And yes, I know it sounds trite and cliché…but it is still true. It’s the ‘life gives you lemons, make lemonade’ thought process. However, people typically only share the saying and not their lemonade recipe.

citrus close up flowers fruit
Photo by Pixabay on

Finding our path through life is intensely personal. That’s doesn’t mean we can’t learn from others. In light of that, here’s my own lemonade recipe:

  1. Get outside and move. As a writer, I’ve solved some of my plot holes when mowing the grass and shoveling snow. Monotonous outdoor activity seems to allow my brain to get beyond the blocks.
  2. Indulge your feelings. Take this with a grain of salt (in your margarita). It is okay to cry and be angry so allow the feelings. Don’t allow the feelings to become hurtful actions toward yourself or others.
  3. Separate yourself from the activity/task/ goal. Failing at a sport, contest, training, whatever isn’t a mark against you as a person. Writers are told to ignore reviews for this very reason. However, you can’t always avoid such judgments freely offered in our society. You have to be able to see yourself and the task individually.
  4. Find some mentors and stalk them. Most writers quickly note that J.K. Rowling received numerous rejections before success. Look for successful people in your field – I’m sure they have stumbled and been knocked down. How did they handle it?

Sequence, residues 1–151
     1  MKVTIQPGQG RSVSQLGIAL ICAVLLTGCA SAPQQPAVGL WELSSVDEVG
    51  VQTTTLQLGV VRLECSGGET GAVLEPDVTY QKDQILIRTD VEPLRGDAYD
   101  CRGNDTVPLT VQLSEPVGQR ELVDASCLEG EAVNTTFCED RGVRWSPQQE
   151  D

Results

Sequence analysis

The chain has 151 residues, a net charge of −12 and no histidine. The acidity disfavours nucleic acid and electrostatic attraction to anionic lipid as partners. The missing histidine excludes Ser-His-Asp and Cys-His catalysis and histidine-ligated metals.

5. Play a game/ watch an episode/ read a book. Sometimes, you just need a little escapism, and that’s okay. Unless you are the person disarming the bomb, most of us can take a step back before acting.

The lessons haven’t always been easy. I am glad I’ve learned some options to put things into perspective and still enjoy my life. I do know there are more lessons to learn. I also know some may be painful, and I may get more than a skinned knee when I fall. That’s okay, though. I’m going to keep trying to pick myself up and move forward. I’m going to keep trying to find the goodness and beauty in life and myself as I go.

I hope you too find more beauty, goodness, and enjoyment along your life’s path. So, my friends, how do you make yourself get up that 8th time? What helps you to remember to enjoy the journey? Do you have your own lemonade recipe?

2 thoughts on “Some epic journeys start with a stumble.

  1. Hm, needed advice number four today – something I regularly struggle with. Especially TV – how could they serve to improve my writing? I’ve learned to justify it to myself – it’s all about watching (pun intended) and learning about human behavior. And sometimes, it’s just the inspiration you need – at least it inspired my last blog post!

    Liked by 1 person

    1. TV watching helps me get out of my head – zombie like, but it works for me. I can then get back to being productive!

      However, it has also given me some great mannerisms for my characters. I can picture body movements much more clearly if I can see a TV or movie character in my mind. Additionally, I have learned about handling ensemble casts by watching TV. I don’t find them as often in books, but it’s how I write so it’s a huge help!

      Thanks for reading and commenting!

      Liked by 1 person